The Queen Street Group, an association of 17 leading multi academy trusts, has published its first annual report after its official incorporation last year
The QSG was founded to enable mature MATs to exchange operational insights, perspectives and best practices with like-minded and ethically committed peers.
Its report focuses on four main themes: the quality of education; teacher recruitment and retention; sound financial planning; and effective Trust governance and management.
The group, whose schools cater to over 200,000 pupils in 374 schools across the English regions, was formed primarily as a practical, professional body interested in sharing and developing operational effectiveness rather than a lobby group.
Marc Jordan, chair of the QSG and CEO of Creative Education Trust, said: “The QSG was not formed to formulate an agreed narrative on educational issues or to provide a running commentary on national policy.
“It is primarily a pragmatic, practice-sharing organisation with a keen focus on developing the expertise of senior staff, notably CEOs, directors of finance, HR and education, to enable them to provide the best possible learning experience for their pupils, and to share that expertise with a wider audience.”
He pointed out that government and regulators, for instance, could gain from knowing more about the practicalities of MAT management and that “there is a gap in collective knowledge” that the QSG could fill.
Many QSG Trusts, he said, were institutional trailblazers that contained “the accumulated experience of the first generation of effective MAT leaders”.
They had used intelligent data successfully to model value-added ways of managing schools and this included the balance that had to be struck between financial sustainability, local autonomy and innovation, he added:
“This expertise, including how to assess the nature of risk, needs to be recorded and disseminated for the benefit of those who follow.”
The QSG’s first annual report was intended to highlight the broad aims of the group and the type of work it is engaged in.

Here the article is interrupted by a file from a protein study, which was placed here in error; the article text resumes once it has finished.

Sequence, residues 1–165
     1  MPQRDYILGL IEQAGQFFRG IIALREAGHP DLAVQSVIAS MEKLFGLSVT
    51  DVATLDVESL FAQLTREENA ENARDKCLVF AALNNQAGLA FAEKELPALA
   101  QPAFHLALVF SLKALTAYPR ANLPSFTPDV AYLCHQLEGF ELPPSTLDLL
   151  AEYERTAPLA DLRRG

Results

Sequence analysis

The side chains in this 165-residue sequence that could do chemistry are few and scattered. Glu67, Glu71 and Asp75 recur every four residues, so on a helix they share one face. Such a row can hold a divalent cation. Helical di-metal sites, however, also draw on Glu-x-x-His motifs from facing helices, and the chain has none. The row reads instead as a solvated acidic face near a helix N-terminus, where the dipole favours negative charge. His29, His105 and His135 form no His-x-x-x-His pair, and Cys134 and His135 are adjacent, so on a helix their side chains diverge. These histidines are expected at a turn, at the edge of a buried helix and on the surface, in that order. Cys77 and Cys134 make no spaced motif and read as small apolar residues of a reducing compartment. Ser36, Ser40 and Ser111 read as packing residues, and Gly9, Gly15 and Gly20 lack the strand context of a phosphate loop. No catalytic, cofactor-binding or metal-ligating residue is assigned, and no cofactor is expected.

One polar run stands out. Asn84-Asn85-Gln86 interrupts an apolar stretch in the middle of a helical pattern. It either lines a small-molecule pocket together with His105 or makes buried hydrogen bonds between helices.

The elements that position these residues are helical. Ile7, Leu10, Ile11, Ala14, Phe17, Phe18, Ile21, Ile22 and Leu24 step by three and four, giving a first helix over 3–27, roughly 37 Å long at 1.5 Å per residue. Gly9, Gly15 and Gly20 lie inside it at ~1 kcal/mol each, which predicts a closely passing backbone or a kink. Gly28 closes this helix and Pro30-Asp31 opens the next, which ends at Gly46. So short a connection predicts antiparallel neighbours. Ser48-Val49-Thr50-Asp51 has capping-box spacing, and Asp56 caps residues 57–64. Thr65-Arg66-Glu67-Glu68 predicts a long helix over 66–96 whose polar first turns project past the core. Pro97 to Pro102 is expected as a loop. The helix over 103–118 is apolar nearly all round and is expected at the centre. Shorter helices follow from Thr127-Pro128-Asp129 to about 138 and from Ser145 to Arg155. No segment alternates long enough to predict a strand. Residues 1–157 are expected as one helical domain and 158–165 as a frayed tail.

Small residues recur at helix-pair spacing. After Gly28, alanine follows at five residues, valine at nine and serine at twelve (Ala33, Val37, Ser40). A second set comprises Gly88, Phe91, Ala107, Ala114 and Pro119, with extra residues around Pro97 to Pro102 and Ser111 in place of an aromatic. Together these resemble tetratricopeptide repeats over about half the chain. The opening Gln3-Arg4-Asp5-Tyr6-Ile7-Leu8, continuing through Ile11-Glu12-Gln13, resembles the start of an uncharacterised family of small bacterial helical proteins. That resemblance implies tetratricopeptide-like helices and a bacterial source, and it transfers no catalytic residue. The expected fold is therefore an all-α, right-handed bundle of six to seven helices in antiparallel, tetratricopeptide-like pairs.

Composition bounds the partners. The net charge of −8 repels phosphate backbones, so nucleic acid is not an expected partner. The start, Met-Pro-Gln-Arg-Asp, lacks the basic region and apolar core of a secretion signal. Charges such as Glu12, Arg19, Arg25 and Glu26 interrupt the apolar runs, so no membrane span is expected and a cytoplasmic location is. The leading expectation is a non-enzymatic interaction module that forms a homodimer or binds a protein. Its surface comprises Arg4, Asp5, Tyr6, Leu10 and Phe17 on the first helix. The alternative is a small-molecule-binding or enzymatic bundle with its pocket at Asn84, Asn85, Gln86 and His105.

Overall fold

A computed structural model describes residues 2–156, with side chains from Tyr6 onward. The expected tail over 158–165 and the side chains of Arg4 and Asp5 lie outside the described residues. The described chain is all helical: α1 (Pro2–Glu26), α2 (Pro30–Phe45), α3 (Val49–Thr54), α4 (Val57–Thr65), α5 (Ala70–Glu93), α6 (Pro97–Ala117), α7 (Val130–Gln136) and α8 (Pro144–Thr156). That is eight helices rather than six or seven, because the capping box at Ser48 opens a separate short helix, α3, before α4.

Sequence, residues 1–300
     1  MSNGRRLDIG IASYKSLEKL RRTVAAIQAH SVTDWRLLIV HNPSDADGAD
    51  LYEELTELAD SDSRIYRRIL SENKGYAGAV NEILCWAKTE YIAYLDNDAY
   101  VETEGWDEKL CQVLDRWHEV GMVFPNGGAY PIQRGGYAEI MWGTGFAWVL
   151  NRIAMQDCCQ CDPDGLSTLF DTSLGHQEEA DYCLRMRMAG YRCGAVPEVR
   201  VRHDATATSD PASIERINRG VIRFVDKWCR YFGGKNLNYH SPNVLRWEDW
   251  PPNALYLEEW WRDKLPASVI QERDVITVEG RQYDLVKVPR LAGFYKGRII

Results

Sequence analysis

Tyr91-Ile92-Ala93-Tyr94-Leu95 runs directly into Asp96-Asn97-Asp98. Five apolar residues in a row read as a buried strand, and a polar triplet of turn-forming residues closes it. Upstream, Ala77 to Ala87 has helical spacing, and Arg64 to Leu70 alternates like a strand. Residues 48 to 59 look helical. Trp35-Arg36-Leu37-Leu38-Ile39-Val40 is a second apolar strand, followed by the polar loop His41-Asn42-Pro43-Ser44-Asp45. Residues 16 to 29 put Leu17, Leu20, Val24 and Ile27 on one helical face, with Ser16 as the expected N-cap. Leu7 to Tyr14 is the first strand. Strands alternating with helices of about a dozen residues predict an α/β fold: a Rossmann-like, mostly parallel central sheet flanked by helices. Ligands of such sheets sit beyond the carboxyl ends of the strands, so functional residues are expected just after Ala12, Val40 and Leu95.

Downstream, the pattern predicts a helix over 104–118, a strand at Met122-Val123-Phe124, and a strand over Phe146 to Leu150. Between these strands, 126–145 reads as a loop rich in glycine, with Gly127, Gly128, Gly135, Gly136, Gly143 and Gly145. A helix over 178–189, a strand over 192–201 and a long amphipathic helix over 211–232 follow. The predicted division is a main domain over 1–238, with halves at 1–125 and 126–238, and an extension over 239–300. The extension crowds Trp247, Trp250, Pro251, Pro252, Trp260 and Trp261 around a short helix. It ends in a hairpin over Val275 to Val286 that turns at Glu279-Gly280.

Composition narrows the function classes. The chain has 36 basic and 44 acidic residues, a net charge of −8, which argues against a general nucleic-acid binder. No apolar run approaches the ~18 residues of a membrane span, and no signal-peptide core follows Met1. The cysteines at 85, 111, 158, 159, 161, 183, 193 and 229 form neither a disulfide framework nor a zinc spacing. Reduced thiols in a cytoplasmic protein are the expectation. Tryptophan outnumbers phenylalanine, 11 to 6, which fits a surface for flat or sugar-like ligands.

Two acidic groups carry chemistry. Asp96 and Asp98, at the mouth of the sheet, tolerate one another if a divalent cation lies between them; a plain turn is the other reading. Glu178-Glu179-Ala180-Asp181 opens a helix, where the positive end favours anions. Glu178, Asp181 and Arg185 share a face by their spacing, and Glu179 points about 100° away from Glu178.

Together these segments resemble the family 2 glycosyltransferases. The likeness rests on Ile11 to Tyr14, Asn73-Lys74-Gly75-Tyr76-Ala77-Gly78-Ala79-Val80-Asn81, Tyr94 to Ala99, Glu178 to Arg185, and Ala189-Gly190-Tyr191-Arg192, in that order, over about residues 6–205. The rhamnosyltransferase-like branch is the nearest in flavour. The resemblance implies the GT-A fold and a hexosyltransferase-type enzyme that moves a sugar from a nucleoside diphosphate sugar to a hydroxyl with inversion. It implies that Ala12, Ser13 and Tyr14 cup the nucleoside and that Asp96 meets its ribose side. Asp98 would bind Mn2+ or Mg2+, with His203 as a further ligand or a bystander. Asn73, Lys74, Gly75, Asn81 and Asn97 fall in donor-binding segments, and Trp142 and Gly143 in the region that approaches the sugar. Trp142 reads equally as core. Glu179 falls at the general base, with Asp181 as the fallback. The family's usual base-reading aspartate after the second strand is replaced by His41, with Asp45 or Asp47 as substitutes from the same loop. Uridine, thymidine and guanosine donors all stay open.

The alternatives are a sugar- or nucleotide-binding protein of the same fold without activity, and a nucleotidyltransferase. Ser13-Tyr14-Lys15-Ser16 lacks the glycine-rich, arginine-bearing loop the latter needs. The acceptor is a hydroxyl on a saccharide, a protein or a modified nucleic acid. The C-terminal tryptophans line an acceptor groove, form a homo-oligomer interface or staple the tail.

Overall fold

A separate exercise on the conditions attached to capital expenditure across several Trusts discovered that it was likely to be skewed to a bare minimum of improvements to site security and safety, rather than to cost-effective and proactive maintenance over the longer term.
A further investigation into HR practices showed that MATs have the potential to build on their strengths to aid teacher recruitment and retention, notably the careful planning of workload, stable and coherent working conditions and cultures, and effective in-school mentoring, among others.
Jordan said that, next year, the group would focus on contributing to the achievement of greater coherence in the structure and operation of the academies programme, increasing public understanding of the work of multi-academy trusts, and achieving smarter working in school-level education, by continuing to review and commission examples of innovation in the ways that schools can best meet the needs of a fast-changing society.
He pointed out that the schools governed by QSG Trusts had shown themselves to be resilient and resourceful when it came to tackling the many challenges facing them and their pupils, but that valuable lessons risked being lost if they were not widely shared. He said:
“This focus on institutional learning across Trusts is the reason why 17 Trusts have come together to form the Queen Street Group. Together, they have wide geographical reach and substantial responsibilities for young people, many from challenging backgrounds.
“Drawing on this, we seek to exemplify a reliable constant in school governance and management informed by shared ethical values.”
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